Jabhat Fatah al-Sham dominates the Hay'at Tahrir al-Sham organisation, and is the largest, most powerful, well-resourced, and extreme component of the alliance. Hay'at Tahrir al-Sham's suicide operations and complex attacks are largely conducted, or led by, Jabhat Fatah al-Sham.
Significant attacks claimed by Jabhat Fatah al-Sham include the following:

  • On 12 January 2017, a suicide bombing killed seven people in a heavily policed area of Damascus where the Syrian regime's main security installations are located.
  • On 20 July 2016, Jabhat Fatah al-Sham (then called Jabhat al-Nusra) executed 14 soldiers of the Syrian regime forces who were taken hostage two weeks earlier.

Significant attacks assessed to be reliably attributed to Jabhat Fatah al-Sham include the following:

  • On 5 October 2018, Hay'at Tahrir al-Sham attacked the headquarters for Syrian armed opposition group Nour al-Din Zinki's in Kafar Halab, Aleppo province, Syria. Four people were killed, and several others injured when Hay'at Tahrir al-Sham targeted civilians protesting the group's presence in the town.
  • On 1 March 2018, Hay'at Tahrir al-Sham undertook a large‑scale offensive in Idlib and Aleppo provinces, Syria; announcing that it had taken control of several towns and killed fighters from Jabhat Tahrir Suriya (a coalition of Syrian armed opposition groups Nour al-Din Zinki and Ahrar al-Sham). As part of the offensive, Hay'at Tahrir al-Sham shelled at least one town with mortars, causing civilian casualties; before capturing and executing five Jabhat Tahrir Suriya fighters in the town square. Separately, as part of the offensive, Hay'at Tahrir al-Sham is accused of releasing 150 Islamic State fighters it had captured two weeks prior; providing them with weapons to fight against Jabhat Tahrir Suriya.
  • On 11 March 2017, Hay'at Tahrir al-Sham claimed responsibility for a twin suicide-bombing targeting Shia holy sites in the Old City of Damascus, Syria which killed 40 people and injured at least 120 others, mostly Iraqi Shia pilgrims.
  • On 25 February 2017, Hay'at Tahrir al-Sham claimed responsibility for a complex suicide attack against a Syrian regime military complex in Homs, Syria; killing 40 people and injuring over 50 others. The attack involved five suicide bombers that engaged in a gunfight before infiltrating Syrian regime positions and detonating their explosives. The attack killed a senior military adviser to the Syrian regime and critically wounded the head of the Syrian regime's National Security Branch.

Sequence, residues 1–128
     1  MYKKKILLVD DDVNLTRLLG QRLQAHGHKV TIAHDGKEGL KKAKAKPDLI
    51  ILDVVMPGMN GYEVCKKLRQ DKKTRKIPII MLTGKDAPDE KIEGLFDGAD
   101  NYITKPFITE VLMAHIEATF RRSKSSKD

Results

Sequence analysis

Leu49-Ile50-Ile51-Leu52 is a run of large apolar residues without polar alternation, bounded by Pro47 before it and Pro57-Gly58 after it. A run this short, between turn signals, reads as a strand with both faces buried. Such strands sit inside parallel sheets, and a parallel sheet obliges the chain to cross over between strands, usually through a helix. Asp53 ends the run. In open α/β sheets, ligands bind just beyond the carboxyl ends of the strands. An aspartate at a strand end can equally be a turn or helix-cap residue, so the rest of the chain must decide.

Advocating the doing of terrorist acts

While operating under the name Jabhat al-Nusra, the group publicised its activities, including suicide bombings, and distributed propaganda through its own media outlet called al-Manara al-Bayda (the White Minaret). The group has refrained from using this media outlet since it rebranded as Jabhat Fatah al-Sham on 28 July 2016.

Since the formation of Hay'at Tahrir al-Sham in January 2017, the group has used a new media outlet associated with Hay'at Tahrir al-Sham called Ebaa News Agency, and has begun operating accounts on Twitter, Telegram and other social media platforms. The group continues to issue statements, updates and propaganda, but has reduced direct anti-Western rhetoric. This is consistent with Jabhat Fatah al-Sham's messaging post its 28 July 2016 rebranding which aimed to reduce international targeting of the group and unite the Syrian opposition against the Syrian regime. Jabhat Fatah al-Sham's messaging through the Hay'at Tahrir al-Sham alliance now focuses on the groups' support to the Syrian people and the Syrian armed opposition's battle against the Syrian regime.

Details of the organisation

Jabhat Fatah al-Sham is a Syria-based Sunni Islamist extremist group that adheres to a violent extremist ideology, and retains links to al‑Qa'ida.

In late 2011, al-Qa'ida in Iraq (AQI)—the organisation now known as the Islamic State—sent operatives to Syria for the purpose of establishing a group called Jabhat al‑Nusra to fight the Syrian regime of President Bashar al‑Assad. The group publicly announced its presence in Syria in a January 2012 video statement, and pledged allegiance to al-Qa'ida leader Ayman al‑Zawahiri in April 2013 after severing its ties to the Islamic State. On 9 June 2013, al‑Zawahiri released a letter publicly announcing Jabhat al-Nusra as the official al‑Qa'ida affiliate group in Syria.

On 28 July 2016, the leader of Jabhat al-Nusra announced that it was no longer affiliated with al-Qa'ida and changed its name to Jabhat Fatah al-Sham to reduce international targeting of the group and unite the Syrian opposition against the Syrian regime. Despite the announcement Jabhat Fatah al-Sham retained links to al-Qa'ida.

On 28 January 2017, Jabhat Fatah al-Sham announced that it had merged with a number of Syrian opposition groups to form Hay'at Tahrir al-Sham in attempt to unify the Syrian opposition against the Syrian regime. While Jabhat Fatah al-Sham currently enjoys support from other Syrian opposition groups as part of Hay'at Tahrir al-Sham, there are many divisions within the alliance—and within the Syrian opposition more broadly. These divisions largely relate to Jabhat Fatah al-Sham's links to al-Qa'ida and the group's methods, including attacks which result in indiscriminate civilian deaths. As such, many Syrian opposition groups have withdrawn from the Hay'at Tahrir al-Sham alliance since its formation.

Jabhat Fatah al-Sham remains the largest and most dominant component of Hay'at Tahrir al-Sham. While currently focused on fighting the Syrian regime, Jabhat Fatah al-Sham retains its violent extremist ideology, and links to al‑Qa'ida.


Jabhat Fatah al-Sham is led by Abu-Muhammad al-Jawlani (an alias).The group controls large portions of Syria's Idlib province, including the provincial capital. Jabhat Fatah al-Sham has a Shura council for decision making; however regional leaders are responsible for controlling their respective cells throughout Syria, particularly in Idlib province.